A Parenting Agreement is a written statement that both parents sign up to as a way of establishing the ground rules around the way that they will parent the child.
Generally, these sorts of agreements work best when they are flexible and updated regularly to take into account how the child(ren)’s needs will change and develop.
It can cover anything you both feel is important, most parents include things such parenting time arrangements, their children’s education and rules around new partners.
Parenting Agreements work best when they are not too prescriptive, are flexible and are regularly updated to take account of children’s changing needs over time.
Try to see it as a working document to help you manage your parenting relationship rather than a legal contract that should be monitored in minute detail.
Making a parenting plan is cheaper and less stressful than going to court.
Community-based family support services that offer dispute resolution can help parents make a parenting plan to suit the particular family circumstances. Some family support services have examples of parenting plans that may help parents.
If parents continue to disagree about parenting arrangements, they may need an order from a family court.
If you want this agreement to be legally binding, you will need the help of a lawyer.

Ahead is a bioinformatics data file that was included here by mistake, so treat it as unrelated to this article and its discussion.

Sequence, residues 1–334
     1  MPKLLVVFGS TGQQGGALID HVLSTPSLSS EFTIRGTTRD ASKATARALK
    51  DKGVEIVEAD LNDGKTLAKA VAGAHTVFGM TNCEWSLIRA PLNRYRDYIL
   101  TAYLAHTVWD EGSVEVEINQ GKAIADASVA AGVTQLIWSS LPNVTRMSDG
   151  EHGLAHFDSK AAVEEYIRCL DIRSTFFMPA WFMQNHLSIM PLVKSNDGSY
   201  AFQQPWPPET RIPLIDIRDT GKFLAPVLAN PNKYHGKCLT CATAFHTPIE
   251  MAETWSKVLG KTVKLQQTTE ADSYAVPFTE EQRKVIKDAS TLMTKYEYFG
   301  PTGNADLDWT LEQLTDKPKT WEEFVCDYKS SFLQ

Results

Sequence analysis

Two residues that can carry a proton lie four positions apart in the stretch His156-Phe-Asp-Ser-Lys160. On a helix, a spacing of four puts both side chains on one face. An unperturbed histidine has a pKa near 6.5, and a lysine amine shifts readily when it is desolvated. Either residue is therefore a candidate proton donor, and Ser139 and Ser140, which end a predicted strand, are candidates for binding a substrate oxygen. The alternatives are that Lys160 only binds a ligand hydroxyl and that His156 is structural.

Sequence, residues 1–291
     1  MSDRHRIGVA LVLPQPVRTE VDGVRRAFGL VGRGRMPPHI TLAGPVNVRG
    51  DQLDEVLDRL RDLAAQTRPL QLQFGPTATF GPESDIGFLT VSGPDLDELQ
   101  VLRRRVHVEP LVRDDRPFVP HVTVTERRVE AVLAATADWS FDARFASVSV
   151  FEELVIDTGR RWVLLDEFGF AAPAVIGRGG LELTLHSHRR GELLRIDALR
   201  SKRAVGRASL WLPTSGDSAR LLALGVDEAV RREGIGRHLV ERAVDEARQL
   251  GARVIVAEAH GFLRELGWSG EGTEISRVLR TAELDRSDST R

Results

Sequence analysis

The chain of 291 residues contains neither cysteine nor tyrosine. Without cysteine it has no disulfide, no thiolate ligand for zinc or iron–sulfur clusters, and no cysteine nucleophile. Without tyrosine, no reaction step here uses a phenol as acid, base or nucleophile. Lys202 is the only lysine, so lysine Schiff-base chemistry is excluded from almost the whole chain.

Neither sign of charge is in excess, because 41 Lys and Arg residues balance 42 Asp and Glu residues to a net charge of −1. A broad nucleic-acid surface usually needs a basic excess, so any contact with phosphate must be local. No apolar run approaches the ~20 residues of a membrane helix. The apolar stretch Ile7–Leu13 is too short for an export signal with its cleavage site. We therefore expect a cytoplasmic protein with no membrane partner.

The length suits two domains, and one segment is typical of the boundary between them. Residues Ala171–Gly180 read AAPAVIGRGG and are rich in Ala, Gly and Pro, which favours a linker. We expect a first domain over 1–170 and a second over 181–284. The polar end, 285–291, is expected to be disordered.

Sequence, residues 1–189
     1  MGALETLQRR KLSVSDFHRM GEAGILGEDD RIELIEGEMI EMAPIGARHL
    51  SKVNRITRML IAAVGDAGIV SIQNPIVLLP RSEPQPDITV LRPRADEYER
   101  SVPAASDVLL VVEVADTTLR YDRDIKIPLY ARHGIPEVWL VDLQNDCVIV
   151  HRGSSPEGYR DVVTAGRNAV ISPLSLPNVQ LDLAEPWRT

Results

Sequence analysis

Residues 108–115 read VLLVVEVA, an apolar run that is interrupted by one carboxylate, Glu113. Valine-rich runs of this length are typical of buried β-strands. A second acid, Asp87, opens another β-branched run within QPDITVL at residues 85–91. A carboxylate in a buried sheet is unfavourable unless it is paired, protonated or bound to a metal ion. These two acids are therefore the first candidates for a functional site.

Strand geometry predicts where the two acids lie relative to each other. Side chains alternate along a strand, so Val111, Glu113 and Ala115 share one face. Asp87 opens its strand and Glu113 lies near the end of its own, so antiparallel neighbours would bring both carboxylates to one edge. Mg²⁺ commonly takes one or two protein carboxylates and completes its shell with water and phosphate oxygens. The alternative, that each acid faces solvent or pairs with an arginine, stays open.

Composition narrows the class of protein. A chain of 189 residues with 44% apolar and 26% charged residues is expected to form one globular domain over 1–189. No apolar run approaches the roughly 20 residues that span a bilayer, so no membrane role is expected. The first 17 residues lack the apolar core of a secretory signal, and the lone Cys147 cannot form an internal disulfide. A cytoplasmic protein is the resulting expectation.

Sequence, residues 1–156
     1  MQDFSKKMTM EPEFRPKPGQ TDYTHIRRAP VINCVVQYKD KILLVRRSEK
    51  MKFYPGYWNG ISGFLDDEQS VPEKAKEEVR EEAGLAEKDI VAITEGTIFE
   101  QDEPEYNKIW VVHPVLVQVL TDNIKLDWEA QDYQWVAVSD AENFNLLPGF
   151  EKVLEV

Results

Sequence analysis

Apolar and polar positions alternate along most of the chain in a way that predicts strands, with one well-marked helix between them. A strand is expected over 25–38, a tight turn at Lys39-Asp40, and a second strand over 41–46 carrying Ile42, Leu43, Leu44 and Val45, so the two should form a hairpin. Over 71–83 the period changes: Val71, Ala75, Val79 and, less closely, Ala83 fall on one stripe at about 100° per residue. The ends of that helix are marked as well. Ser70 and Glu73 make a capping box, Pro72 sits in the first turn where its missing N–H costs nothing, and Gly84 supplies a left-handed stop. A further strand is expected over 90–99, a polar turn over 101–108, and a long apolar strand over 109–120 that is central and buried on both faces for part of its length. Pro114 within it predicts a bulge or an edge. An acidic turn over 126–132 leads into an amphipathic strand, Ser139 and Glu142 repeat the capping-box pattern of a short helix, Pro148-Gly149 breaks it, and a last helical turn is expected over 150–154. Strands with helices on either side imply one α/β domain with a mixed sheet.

Making a parenting agreement legally binding
First you will need to get your lawyer to draft a ‘consent order’, which is a legal document confirming your agreement and signed by both parties.
To get this order approved by the court, you will need to fill in a C100 court form, which we can help with, and send it, along with three copies, and your draft consent order to your nearest family court. You will also need to pay the standard court fee, which is currently set at £215.
A judge will then approve your consent order to make it legally binding, unless they feel that the agreement isn’t in the best interest of the child(ren).
If you are considering making a parenting agreement legally binding, it is advised that you speak to a lawyer to discuss your options.
You can download a model Parenting Agreement HERE